Program ACCESS, a new program of The University of Arizona and the National Science Foundation, seeks to increase the number of Arizona students with physical disabilities who pursue study and careers in Science, Mathematics, Engineering, and Technology (SMET) fields.
Program ACCESS provides programs for Arizona students with physical disabilities in middle school, high school, and university with an interest in SMET. The program provides training for teachers, counselors, faculty, and teaching assistants who can foster the interests of students with disabilities in SMET fields. Teachers and counselors may apply for grants for individual projects to enhance their skills dealing with disabilities. It also establishes mentoring and partnership programs with SMET professionals, advanced students, and younger students. Program ACCESS seeks to identify and remove barriers at The University of Arizona and in Tucson area middle and high schools, which reduce the ability of students with disabilities to participate fully in SMET research and learning experiences.
Our goal is to promote a high level of academic and professional success in SMET fields among students with disabilities by encouraging the removal of architectural, technological, and societal barriers that presently exist and which impede access and success in these fields.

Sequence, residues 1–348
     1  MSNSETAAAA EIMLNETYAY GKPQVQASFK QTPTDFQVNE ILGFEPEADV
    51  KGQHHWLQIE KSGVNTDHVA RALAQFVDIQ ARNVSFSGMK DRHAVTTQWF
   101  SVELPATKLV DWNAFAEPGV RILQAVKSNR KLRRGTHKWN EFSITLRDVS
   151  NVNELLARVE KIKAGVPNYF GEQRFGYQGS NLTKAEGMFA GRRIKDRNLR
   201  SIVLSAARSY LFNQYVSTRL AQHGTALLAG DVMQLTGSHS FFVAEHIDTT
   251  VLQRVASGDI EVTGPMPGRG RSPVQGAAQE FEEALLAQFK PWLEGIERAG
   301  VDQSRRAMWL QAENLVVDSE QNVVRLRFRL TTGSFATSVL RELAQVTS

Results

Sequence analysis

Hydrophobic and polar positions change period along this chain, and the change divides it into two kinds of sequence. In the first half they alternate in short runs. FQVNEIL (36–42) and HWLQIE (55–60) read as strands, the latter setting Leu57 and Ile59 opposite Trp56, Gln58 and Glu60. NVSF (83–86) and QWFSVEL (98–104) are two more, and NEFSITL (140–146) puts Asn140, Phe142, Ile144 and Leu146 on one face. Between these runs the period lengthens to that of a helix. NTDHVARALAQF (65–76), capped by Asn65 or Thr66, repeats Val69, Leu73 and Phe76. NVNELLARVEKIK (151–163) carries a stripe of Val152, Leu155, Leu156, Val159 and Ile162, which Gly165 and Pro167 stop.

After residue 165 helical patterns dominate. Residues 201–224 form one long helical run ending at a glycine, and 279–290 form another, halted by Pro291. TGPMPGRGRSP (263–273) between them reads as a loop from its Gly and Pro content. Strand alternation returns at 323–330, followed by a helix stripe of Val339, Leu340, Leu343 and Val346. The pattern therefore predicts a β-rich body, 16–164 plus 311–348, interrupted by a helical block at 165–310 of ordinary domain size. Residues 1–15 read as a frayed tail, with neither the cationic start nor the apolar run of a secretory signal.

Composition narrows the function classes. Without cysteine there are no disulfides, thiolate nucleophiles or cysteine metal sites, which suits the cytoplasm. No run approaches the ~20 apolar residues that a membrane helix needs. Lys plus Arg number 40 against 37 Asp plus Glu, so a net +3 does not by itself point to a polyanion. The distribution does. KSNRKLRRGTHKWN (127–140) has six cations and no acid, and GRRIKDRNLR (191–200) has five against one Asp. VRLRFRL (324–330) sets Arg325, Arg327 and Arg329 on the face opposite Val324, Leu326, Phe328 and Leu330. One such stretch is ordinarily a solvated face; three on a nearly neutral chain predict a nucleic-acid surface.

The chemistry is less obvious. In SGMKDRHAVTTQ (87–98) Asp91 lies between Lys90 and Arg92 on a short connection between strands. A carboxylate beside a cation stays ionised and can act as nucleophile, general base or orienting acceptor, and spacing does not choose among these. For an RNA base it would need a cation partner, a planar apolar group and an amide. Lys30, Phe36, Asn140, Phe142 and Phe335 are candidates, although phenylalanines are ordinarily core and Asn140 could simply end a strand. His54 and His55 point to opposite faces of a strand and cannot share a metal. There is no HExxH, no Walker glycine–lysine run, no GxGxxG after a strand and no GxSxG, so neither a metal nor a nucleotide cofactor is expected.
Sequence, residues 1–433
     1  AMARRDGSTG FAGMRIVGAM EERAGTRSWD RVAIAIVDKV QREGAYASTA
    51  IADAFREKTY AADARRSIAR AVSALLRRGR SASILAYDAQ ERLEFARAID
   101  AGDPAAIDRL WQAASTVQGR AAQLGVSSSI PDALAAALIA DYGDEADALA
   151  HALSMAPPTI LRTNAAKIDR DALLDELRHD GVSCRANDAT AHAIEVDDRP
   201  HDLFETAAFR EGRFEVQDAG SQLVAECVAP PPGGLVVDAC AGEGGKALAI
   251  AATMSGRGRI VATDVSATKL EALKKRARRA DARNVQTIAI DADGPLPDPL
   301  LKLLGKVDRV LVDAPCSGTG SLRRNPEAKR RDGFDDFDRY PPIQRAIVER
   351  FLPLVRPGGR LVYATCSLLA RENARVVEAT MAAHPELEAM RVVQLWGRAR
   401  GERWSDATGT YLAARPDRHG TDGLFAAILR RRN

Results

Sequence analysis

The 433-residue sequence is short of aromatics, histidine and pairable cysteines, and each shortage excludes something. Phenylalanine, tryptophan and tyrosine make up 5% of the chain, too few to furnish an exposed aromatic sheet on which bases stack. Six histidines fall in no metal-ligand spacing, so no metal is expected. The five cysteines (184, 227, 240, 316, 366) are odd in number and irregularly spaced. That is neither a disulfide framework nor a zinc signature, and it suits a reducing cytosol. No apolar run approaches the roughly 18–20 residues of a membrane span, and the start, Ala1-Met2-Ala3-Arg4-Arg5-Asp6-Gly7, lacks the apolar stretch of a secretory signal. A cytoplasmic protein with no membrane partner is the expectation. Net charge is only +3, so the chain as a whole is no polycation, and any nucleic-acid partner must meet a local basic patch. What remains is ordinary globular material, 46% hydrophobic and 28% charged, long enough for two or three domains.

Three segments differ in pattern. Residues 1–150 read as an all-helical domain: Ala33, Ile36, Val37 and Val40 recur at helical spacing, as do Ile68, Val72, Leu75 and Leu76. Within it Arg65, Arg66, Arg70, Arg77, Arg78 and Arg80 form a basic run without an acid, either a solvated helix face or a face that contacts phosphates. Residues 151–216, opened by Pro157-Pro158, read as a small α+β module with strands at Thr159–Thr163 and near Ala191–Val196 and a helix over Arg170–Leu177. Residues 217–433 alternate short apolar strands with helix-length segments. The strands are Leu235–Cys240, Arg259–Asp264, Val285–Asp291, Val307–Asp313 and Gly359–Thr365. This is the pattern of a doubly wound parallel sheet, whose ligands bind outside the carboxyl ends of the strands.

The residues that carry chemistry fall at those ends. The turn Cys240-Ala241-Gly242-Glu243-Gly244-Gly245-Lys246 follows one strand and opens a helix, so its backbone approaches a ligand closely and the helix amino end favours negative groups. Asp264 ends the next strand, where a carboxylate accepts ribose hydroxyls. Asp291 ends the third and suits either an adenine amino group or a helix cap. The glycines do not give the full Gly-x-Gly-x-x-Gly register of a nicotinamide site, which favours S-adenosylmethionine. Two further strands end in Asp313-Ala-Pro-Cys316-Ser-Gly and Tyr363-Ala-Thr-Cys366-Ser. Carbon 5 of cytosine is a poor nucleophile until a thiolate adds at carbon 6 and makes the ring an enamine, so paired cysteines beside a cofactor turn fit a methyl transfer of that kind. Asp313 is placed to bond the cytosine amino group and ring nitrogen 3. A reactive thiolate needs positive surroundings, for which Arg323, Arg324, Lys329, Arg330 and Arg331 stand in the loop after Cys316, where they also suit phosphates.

Eight interrelated programs are being established through Program ACCESS over a three-year period beginning in the summer of 1998.
The University of Arizona serves over 1,000 students with disabilities, and is ranked as one of the most accessible campuses in the United States. We believe that the opportunity to study, conduct research, and establish a career in science, math, engineering, and technology fields is an accessible goal for students regardless of physical ability.
Program ACCESS, sponsored by the Department of Mathematics, is a multi-disciplinary program at The University of Arizona, involving faculty, staff, and students with disabilities from the College of Science, The College of Engineering & Mines, the Graduate College, the University Teaching Center, the Center for Disability Related Resources (CeDRR), the Department of Career Services and The Science and Mathematics Education Center (SAMEC).
"I seem to manage to do anything that I really want." Stephen Hawking,
Physicist. Dr. Hawking serves as a mentor to Program ACCESS.